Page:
Though perhaps a dying proverb, “What in Sam Hill?!” used to be commonplace as an expression of exasperation. A quick internet search will point to several possible origin stories that explain where this phrase came from but the definitive truth remains elusive.
Could it be that a Saratoga County resident known by this common moniker contributed to this once-popular phrase?
An article published in the 1974 book Saratoga County Heritage relays an interesting story about a basket maker who lived in the Saratoga Springs area in the early 1800s. His name was Sam Hill, and the story, as told by author Milford Lester, plays out like this: Sam Hill lived in Splinterville (a hamlet in Greenfield near what is now the intersection of Route 9N and Middle Grove Road), so-called for the splints used to make baskets.
Sam used to walk to Broadway carrying an armload of his wares to sell to the tourists visiting the mineral springs in the summer. He was an eccentric dresser and was asked by some patrons (one of whom was an artist) of the Union Hall Hotel if he would like to have his portrait painted. While Sam was reluctant at first, he agreed when offered a financial incentive. The finished portrait was then given to the hotel, where it hung in the office until the building was demolished, upon which it was moved to the Grand Union Hotel. Upon the demise of that hotel, it made its way into a private collection.
While this is an interesting story that has been passed down through generations of Saratogians, we have very little primary source documentation about the actual man. There is a Samuel Hill recorded on the 1820 Census in Greenfield, and in 1830 in Saratoga Springs. Exact ages were not provided on these early censuses, but there is a free white male recorded as being aged between 60-69 in 1830, which could possibly be the Sam Hill in the portrait.
Another source comes in a notation in the diary of Daniel Benedict of Saratoga Springs who relays that Mr. Sam Hill died on July 2, 1835 “at an advanced age.” This diary was later transcribed by Cornelius Durkee and serialized in the Saratoga Sentinel in the early 1880s. Commentary added at this later date included the statement, “He was the originator of the splint basket business which afterword became very widespread.”
In the aforementioned article by Milford Lester, he describes the coat worn by Sam Hill as “continental.” While it is unclear whether or not this refers to a military uniform coat, Hill could have been at the right age to have fought in the American Revolution. If he did, any record of this could not be located. Other resources consulted including land records, mortgages and estate files have not turned up any further documentation about the life of Sam Hill.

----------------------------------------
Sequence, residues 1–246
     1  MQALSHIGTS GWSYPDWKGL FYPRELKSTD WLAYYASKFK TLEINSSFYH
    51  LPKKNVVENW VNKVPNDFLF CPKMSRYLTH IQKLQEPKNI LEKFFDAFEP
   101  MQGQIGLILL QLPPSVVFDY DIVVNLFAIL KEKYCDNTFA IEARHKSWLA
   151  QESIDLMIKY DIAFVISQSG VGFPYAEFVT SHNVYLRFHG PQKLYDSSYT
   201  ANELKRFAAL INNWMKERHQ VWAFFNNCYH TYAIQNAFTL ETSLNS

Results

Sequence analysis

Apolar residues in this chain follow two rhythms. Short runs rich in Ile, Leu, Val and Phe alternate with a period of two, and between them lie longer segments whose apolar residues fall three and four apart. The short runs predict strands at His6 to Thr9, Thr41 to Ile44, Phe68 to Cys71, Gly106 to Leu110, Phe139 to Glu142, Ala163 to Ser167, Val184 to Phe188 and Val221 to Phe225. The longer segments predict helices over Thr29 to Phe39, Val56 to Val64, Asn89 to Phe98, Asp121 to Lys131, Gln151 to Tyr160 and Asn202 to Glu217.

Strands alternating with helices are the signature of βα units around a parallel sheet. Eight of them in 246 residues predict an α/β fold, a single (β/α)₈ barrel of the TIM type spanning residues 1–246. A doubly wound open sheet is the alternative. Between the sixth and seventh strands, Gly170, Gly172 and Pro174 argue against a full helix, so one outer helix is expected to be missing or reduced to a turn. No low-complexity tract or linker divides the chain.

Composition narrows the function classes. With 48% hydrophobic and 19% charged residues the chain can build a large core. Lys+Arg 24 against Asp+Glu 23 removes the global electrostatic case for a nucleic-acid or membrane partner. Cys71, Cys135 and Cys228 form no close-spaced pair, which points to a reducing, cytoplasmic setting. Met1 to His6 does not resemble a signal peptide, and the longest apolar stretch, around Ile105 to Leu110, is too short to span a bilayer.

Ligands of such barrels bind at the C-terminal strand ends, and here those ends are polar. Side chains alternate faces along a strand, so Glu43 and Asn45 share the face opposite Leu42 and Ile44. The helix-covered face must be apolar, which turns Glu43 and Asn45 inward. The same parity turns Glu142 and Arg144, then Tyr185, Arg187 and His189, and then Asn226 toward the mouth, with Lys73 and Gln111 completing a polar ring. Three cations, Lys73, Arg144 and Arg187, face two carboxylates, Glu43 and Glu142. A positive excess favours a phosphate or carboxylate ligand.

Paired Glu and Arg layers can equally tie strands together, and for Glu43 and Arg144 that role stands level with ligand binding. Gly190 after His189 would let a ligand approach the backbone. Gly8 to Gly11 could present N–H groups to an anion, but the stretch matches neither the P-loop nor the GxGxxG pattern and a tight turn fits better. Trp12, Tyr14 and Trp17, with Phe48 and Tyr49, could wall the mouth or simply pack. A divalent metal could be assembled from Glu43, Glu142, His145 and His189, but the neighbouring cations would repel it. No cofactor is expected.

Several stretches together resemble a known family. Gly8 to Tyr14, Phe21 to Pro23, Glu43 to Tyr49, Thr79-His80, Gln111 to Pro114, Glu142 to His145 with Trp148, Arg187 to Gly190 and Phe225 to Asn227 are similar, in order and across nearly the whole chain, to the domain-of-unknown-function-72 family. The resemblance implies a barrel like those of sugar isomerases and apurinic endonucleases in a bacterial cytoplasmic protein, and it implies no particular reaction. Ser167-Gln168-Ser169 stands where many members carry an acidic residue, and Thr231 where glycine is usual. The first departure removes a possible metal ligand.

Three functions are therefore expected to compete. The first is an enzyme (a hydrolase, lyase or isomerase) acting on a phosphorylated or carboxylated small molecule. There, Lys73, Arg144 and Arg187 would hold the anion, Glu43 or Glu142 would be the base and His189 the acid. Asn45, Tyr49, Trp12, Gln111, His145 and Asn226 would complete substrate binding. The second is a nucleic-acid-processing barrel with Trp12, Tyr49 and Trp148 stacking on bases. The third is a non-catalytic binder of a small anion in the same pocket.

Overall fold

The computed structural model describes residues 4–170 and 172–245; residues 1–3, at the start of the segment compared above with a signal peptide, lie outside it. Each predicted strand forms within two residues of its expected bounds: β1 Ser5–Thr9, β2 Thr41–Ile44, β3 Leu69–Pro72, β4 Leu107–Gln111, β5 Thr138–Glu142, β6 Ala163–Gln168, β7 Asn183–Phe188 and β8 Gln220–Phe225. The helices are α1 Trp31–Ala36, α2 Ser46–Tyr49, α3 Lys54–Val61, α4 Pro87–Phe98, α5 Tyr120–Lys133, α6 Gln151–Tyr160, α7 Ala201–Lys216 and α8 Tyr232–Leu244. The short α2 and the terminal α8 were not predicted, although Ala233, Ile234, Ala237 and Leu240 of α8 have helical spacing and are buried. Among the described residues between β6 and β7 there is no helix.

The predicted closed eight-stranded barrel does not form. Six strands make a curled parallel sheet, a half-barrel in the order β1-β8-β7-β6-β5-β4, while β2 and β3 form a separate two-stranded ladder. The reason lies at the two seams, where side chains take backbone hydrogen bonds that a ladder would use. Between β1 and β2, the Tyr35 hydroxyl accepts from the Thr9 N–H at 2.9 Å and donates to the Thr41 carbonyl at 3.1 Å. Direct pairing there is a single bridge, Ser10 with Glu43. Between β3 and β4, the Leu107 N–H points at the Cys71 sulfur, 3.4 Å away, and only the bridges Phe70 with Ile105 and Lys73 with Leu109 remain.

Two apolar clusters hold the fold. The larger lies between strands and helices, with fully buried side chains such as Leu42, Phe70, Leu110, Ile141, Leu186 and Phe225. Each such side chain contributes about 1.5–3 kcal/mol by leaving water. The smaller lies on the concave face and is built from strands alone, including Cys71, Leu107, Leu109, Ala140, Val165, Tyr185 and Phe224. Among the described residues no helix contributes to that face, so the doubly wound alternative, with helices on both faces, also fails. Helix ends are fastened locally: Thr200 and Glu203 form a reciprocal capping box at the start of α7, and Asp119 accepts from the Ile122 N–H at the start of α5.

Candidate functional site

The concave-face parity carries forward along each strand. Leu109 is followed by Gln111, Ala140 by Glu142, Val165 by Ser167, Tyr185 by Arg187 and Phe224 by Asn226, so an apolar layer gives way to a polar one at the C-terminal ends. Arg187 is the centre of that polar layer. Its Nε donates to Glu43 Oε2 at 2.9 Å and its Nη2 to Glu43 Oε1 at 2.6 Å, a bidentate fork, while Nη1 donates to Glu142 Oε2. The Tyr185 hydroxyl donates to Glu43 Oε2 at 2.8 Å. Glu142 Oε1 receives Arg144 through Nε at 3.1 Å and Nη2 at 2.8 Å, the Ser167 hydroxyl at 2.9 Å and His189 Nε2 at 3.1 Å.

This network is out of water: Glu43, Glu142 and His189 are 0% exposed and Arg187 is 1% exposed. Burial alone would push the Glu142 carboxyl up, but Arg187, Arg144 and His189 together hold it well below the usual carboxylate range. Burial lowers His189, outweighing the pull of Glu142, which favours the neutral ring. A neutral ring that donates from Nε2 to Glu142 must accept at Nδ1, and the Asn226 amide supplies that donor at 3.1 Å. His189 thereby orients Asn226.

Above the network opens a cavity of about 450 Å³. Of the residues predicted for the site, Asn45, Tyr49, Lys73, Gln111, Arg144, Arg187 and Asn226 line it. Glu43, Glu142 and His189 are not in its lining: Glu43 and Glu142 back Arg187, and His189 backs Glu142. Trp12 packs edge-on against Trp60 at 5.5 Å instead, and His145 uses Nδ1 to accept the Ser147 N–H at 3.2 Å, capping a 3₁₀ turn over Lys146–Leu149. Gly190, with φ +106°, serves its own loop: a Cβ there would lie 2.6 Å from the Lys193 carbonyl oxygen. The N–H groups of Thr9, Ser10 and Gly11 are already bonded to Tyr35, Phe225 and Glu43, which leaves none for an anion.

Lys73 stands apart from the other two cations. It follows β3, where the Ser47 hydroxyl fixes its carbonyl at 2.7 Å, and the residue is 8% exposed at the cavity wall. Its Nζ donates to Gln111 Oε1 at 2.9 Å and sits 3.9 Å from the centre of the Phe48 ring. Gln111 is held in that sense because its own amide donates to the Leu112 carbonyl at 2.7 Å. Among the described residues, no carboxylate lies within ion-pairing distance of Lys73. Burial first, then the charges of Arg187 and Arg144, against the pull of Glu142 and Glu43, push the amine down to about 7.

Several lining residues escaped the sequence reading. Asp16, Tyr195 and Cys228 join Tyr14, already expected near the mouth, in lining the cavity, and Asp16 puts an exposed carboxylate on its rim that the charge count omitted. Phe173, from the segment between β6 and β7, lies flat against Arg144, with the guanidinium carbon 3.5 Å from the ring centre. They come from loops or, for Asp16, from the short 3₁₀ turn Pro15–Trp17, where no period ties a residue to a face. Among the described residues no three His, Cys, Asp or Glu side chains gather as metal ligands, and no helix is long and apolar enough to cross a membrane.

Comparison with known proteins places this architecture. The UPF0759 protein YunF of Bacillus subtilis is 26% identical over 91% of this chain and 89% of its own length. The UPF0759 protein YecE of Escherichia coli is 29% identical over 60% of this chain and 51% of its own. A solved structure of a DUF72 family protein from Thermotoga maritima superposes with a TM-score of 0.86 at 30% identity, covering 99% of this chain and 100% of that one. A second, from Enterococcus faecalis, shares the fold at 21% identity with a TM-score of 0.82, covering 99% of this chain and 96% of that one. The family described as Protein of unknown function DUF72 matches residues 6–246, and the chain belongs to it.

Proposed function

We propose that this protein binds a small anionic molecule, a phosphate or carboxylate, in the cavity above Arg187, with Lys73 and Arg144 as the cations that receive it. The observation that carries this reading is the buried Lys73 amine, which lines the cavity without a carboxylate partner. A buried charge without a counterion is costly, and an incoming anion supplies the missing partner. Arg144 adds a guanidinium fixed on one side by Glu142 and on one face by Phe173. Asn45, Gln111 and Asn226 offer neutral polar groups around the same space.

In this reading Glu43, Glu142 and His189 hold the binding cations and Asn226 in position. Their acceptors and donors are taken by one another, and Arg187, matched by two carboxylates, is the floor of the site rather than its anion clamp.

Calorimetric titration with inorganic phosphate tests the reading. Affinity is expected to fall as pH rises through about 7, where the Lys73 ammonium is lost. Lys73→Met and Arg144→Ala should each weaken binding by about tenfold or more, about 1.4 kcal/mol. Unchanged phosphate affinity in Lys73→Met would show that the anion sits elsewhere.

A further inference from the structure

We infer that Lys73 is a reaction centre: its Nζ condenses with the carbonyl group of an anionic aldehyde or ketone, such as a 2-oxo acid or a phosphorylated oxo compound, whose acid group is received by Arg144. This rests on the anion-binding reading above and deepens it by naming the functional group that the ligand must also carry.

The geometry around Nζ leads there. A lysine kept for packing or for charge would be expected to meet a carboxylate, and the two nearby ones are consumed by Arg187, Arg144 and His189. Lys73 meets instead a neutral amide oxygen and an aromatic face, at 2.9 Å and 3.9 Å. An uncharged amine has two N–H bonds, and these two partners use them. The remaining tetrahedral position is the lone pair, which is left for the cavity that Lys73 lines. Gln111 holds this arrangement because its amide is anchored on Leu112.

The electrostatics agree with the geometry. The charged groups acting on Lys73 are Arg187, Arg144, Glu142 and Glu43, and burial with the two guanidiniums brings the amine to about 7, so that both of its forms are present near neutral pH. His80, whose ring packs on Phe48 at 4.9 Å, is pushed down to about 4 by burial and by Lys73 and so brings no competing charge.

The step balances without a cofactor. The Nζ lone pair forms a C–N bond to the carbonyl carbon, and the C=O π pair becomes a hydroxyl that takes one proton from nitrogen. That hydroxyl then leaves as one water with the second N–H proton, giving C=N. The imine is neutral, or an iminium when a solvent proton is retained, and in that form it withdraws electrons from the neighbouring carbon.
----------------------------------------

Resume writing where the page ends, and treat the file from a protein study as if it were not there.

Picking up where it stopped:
Tradition also carries down that Hill was a Native American, possibly Abenaki. There were other Indigenous People living in this area, which had belonged to the Mohawks in the not-to-distant past. By the end of the American Revolution in 1783 many of the Mohawk, especially those who had sided with the British during the war, had already left this area. However, some Native Americans remained and found ways to survive in the new nation. One of these ways was by continuing to produce traditional native crafts to sell to the tourists who frequented Saratoga Springs, such as baskets.
Rather than letting go of their culture to assimilate into a European society, they used this opportunity to continue their traditions and pass them down to future generations. In the mid-1800s, a seasonal Indian Encampment was set up in Congress Park in Saratoga Springs, where Indigenous People would come for the season, sell handmade crafts, and give demonstrations of traditional weapons, dances, and ceremonies. Observations by tourists show that this was a popular destination for those visiting the city and it continued for over 50 years, dissolving sometime in the early 1900s.
While it may seem that this article focuses heavily on the things we don’t know about Sam Hill, there is one extremely important artifact that does exist, his portrait. It is relatively rare for a portrait of a resident who was not wealthy to survive from this time period. Important context included in the painting are his clothing and the baskets he carried, giving us insight into what some of the craftsmen who frequented Saratoga might have looked like. Furthermore, we know that Sam Hill found a way to continue practicing a traditional craft and made a living from it, a craft that went on to become even more popular as evidenced by the splint factories that were built along Bell Brook and continued to thrive throughout the second half of the 19th century.
In 2022, the Saratoga County Historian’s Office received a grant from the William G. Pomeroy Foundation to erect a marker in Splinterville recognizing the story of Sam Hill as a Native American craftsman in the community. The marker was installed in November 2022 and is located at the intersection of Mill Road and Middle Grove Road in the Town of Greenfield, not far from where the splint factories used the water of Bell Brook to power their machines.
While researching Sam Hill, I did not find any further information related to him being the originator of the proverbial “What in Sam Hill?” but perhaps his c. 1832 portrait is a better legacy of his contribution.
Lauren Roberts is the Saratoga County Historian. She is co-host of the WAMC podcast A New York Minute in History, along with NYS Historian Devin Lander. Roberts co-produced the recently released documentary Harnessing Nature: Building the Great Sacandaga, which chronicles the creation of the Sacandaga Reservoir. You can reach Lauren at firstname.lastname@example.org.